Open and Closed Short O in Dutch / Open en gesloten o in het Nederlands

This item is of special interest to people with a more than usual interest in the Dutch language.

Until about 1850 Dutch had two different short o sounds, one pronounced  roughly like in the English word `loud’ and one like in `load’, but shorter. By 1900 the difference was largely lost and forgotten, but unbeknownst to almost all Dutchmen the difference is still alive and kicking to this day in a small part in the East of the Netherlands, which is indeed from where I hail.

To prevent this bit of linguistic curiosa from getting lost, I have made a list of all 1100 or so Dutch words with a short o, and have indicated how I pronounce them, plus all information I could find about this. The result you can find in this paper. It is in Dutch, since I reckon anybody interested in this level of detail of the Dutch language is at least able to read it.

My Web page on the subject contains two more items: the full list of 1100 words with their info, and a paper from 1849 by one D. Bomhoff Hz. detailing the pronunciation of the two o-s  in the town of Zutphen.

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6 responses to “Open and Closed Short O in Dutch / Open en gesloten o in het Nederlands

  1. Could ‘sóldaat’ have anything to do with the word in English ‘soldier’ (pronounced ‘sóóldjer’) making it a foraward facing o?
    Or does it have nothing to do with other anglosaxan languages? (Assuming the soldier word doesn’t come from French in English, which I don’t know.)

    • Soldaat and soldier both come from the Latin for salt; that being the roman soldiers’ metaphoric earnings (the metaphoric salt was immediately turned into wheat for bread and all the other things a soldier might need). (At least that’s what I’ve been told.)
      All that has of course very little to do with how it’s pronounced, since the root word was introduced in either language some 1000+ years before the latest sound shifts, which would have a lot more influence on how stuff is pronounced.

      • The payment part is confirmed by French and English etymological dictionaries, the salt part is not. They have the payment being done in `solidi’, solid gold coins.
        The salt payment leads to the word `salary’. Apparently officials were paid in salt, soldiers in solid…

    • Both words come from Latin through French, but by different routes. Dutch `soldaat’ comes from French `soldat’, which comes from Latin `soldatus’, which is the participle of `soldare’, `to pay military wages’. So it means someone who is paid military wages.
      English `soldier’ comes from French `soldié’, participle of `soldier’, the medieval French form of the same Latin `soldare’. Again a guy who’s paid military wages.

      • So ‘soldaat’ and ‘soldier’ do come from the same route, namely French, in both Dutch and English. I assume we can thank Napoleon for that here in the Netherlands.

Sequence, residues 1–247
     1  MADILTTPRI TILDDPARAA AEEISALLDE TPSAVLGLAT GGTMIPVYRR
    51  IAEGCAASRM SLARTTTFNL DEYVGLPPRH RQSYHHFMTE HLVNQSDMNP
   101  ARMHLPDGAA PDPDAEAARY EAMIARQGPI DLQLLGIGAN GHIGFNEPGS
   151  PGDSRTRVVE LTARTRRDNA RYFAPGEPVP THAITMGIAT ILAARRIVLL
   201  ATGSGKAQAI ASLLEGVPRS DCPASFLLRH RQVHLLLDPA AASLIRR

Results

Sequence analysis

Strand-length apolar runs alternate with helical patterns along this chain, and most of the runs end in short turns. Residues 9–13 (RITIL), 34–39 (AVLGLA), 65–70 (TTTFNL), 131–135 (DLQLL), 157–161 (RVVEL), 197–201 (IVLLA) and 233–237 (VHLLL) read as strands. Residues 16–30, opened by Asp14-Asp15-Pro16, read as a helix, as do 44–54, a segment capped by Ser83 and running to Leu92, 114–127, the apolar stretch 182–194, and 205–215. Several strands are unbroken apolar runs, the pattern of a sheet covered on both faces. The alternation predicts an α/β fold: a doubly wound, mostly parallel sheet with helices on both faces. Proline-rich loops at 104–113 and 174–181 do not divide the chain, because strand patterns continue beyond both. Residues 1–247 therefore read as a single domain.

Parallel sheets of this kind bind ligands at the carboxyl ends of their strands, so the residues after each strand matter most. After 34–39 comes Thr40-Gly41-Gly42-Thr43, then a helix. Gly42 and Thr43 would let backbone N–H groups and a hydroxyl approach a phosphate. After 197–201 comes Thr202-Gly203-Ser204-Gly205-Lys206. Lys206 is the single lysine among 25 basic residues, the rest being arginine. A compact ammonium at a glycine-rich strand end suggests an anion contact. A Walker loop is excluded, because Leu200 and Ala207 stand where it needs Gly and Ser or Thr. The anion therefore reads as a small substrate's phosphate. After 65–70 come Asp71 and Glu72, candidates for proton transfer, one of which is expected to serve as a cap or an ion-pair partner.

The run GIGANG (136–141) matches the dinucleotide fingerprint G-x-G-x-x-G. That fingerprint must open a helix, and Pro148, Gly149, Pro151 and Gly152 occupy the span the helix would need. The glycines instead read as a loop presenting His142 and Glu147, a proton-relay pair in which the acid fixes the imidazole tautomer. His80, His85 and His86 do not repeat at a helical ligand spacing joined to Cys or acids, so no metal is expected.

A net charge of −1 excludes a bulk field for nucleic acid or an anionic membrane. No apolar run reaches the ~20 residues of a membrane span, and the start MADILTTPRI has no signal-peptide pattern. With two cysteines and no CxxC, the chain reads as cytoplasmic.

So they still have the same route, which comes back to my first question, could that be why there is an ó in sóldaat, where it is an ò in sòldij. I would always have assumed that the ‘sold-‘ in both words were the same base, implying they would have the same pronunciation.

        I find it funny that soldiers were paid in gold, where officials were paid in salt. 😉

  2. After finishing reading your paper last night, I came to ponder that in English there is a medium-length ae, in ‘man’, and a short è in ‘men’. I find this comparable with how to some it is a great difference, the ó vs the ò – as in, it is a different word. Such as ‘kas’ (cash register) vs ‘kaas’ (cheese) in Dutch. Not interchangeable in sound at all.

    I point this out to my husband who is learning Dutch from his native language English. When we are in company and I hear a Dutch person say in English to him “one men was doing so-and-so”, I point out to him that Dutch people don’t hear the ae of ‘man’ any differently from the è in ‘men’ in English. Thus not being able to signify singular or plural of man. As if it’s a homonym.

    English vowels are all over the place, but they are particular on the right pronunciation of ae and è. Also the length of the medium-sized ae is not done by Dutch when they speak English. The concept of a long small vowel is alien. It creates no problems in understanding the English spoken by natives, but most Dutch can’t reproduce it, or realise they are indeed missing a trick here.

    It takes a bit of training, however, for the native English to start recognising that that is going on. Hearing so much garbled English and having so many accepted foreign accents sort of dulls the natives’ sensibilities to picking out what’s strange about this particular one.

    Listing for vowels in Australian English is intersting, and I’ve come to the (very much non-accedemic) conclusion that they have gone through a second sound-shift for some of their vowels. ‘Man’ becomes ‘mihn’, ‘men’ becomes ‘min’.

    What will we be speaking in 200 years? Especially in the Netherlands?

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